avoid-smokingAccording to the literature these are some benefits of avoiding smoking.

Twenty minutes after quitting: Your heart rate Bajan therefore, as your blood pressure.

(“Effect of Smoking on Arterial Stiffness and Pulse Pressure Amplification”, Mahmud, A, Feely, J. 2003. Hypertension: 41:183.)

Twelve hours after quitting: The carbon monoxide level in blood drops to normal.

(U.S. Surgeon General’s Report, 1988, p. 202).

Within 2 weeks to 3 months after quitting: Your circulation improves and your lung function increases.

(U.S. Surgeon General’s Report, 1990, pp.193, 194,196, 285, 323)

From 1-9 months after quitting: decrease the cough, nasal congestion, fatigue and shortness of breath, the cilia (tiny hair-like structures that move mucus out of the lungs) regain normal function in the lungs , which increases their ability to handle mucus, clean the lungs and reduce the risk of infections.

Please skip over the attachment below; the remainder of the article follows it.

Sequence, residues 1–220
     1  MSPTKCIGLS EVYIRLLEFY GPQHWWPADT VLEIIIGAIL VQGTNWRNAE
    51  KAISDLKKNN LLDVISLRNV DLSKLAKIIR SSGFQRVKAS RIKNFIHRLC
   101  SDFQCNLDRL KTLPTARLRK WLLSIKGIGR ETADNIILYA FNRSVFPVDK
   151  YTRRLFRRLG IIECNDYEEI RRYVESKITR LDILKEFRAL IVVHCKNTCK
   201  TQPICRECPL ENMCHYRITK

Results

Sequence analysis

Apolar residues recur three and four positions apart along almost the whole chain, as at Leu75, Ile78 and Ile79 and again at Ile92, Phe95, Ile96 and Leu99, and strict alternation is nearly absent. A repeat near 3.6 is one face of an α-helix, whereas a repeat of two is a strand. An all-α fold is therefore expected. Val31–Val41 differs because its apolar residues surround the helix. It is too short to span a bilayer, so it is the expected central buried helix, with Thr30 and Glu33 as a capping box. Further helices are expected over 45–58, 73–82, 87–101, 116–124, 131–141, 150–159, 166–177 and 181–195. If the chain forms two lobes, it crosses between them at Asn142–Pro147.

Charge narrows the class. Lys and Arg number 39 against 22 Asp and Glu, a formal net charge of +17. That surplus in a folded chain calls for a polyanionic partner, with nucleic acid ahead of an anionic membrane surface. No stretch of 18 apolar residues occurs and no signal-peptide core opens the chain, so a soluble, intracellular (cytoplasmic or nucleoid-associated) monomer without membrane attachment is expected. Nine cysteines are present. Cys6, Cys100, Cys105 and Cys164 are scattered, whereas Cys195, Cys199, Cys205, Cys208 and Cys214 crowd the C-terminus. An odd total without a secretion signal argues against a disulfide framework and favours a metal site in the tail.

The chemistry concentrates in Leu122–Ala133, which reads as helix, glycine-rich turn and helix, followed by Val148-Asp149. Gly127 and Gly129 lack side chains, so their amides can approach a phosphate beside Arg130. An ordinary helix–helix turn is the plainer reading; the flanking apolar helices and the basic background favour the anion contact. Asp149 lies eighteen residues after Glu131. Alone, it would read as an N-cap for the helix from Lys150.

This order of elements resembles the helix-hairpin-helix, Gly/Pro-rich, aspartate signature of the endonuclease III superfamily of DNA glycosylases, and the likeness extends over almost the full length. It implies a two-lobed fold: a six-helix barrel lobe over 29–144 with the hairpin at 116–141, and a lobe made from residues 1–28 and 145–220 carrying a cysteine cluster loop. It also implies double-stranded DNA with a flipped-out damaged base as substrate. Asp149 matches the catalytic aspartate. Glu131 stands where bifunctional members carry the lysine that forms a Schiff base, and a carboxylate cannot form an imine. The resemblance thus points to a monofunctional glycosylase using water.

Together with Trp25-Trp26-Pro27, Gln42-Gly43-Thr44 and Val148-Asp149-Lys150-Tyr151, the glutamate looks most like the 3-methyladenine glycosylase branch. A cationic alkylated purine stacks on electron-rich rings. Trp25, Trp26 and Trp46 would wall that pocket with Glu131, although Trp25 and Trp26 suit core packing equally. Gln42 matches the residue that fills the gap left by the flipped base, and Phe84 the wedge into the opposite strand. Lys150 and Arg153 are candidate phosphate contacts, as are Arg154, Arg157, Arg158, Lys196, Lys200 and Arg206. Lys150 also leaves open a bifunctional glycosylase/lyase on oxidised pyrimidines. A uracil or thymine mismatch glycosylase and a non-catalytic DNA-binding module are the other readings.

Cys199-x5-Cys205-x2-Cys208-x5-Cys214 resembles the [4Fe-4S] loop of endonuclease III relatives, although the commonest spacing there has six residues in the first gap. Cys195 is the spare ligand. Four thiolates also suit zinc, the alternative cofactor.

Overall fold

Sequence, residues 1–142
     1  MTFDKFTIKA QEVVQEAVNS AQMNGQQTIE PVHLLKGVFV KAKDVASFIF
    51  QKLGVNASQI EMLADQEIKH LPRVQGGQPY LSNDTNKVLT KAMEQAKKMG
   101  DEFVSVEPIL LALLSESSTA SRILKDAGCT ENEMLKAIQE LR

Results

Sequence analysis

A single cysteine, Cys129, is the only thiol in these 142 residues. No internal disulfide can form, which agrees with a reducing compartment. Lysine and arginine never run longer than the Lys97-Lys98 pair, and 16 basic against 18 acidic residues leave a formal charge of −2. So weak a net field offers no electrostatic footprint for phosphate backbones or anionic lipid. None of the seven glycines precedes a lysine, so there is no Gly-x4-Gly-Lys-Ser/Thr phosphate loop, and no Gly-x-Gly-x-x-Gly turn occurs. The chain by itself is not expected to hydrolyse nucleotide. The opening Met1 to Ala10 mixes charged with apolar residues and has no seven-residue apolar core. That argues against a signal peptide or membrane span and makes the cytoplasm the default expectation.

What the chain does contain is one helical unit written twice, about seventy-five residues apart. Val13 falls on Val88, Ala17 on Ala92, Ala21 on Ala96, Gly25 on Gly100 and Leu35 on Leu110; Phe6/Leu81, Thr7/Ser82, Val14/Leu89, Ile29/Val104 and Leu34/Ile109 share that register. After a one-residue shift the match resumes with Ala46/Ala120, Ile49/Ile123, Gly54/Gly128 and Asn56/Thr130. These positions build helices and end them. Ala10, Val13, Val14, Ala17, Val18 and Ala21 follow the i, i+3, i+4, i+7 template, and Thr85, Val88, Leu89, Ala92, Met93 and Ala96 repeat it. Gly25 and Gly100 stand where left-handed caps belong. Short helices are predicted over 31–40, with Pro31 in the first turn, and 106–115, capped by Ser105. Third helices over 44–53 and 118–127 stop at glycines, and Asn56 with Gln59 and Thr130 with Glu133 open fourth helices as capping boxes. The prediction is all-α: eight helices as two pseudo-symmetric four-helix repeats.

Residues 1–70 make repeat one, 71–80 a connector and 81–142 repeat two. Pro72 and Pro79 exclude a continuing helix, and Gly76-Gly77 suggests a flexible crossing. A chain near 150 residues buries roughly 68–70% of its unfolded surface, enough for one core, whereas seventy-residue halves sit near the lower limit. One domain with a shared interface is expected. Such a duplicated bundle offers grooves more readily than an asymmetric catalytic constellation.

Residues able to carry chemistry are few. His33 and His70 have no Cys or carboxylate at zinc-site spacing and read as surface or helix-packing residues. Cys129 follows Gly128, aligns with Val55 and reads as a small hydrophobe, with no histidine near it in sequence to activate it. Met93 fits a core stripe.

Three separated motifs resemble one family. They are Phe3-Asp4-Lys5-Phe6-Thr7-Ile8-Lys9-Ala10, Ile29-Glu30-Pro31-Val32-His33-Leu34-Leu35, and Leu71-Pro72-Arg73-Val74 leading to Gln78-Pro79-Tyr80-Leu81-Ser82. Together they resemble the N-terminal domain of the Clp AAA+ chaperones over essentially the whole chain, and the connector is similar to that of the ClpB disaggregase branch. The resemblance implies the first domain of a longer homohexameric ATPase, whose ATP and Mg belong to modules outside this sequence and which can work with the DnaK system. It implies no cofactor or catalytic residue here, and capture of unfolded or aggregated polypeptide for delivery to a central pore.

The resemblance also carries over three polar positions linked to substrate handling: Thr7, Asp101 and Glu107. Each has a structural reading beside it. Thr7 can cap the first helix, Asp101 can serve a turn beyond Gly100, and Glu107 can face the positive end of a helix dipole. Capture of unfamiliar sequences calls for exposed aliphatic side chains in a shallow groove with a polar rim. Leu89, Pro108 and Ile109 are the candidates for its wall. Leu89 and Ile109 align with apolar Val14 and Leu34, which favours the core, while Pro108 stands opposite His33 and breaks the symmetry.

(U.S. Surgeon General’s Report, 1990, p. 285-287, 304)

1 year after quitting: The excess risk of coronary heart disease is reduced to half that of a smoker.

(U.S. Surgeon General’s Report, 1990, p.vi).

5 years after quitting: 5 to 15 years after you stop smoking, your risk of stroke is reduced to the level of a nonsmoker.

(U.S. Surgeon General’s Report, 1990, p.vi).

10 years after quitting: the mortality rate due to lung cancer is reduced to almost half that of a person who continues to smoke. It also decreases the risk of cancer of the mouth, throat, esophagus, bladder, cervix and pancreas.

(U.S. Surgeon General’s Report, 1990, p. Vi, 131, 148, 152, 155, 164.166)

15 years after quitting: The risk of developing coronary heart disease is the same as that of a nonsmoker.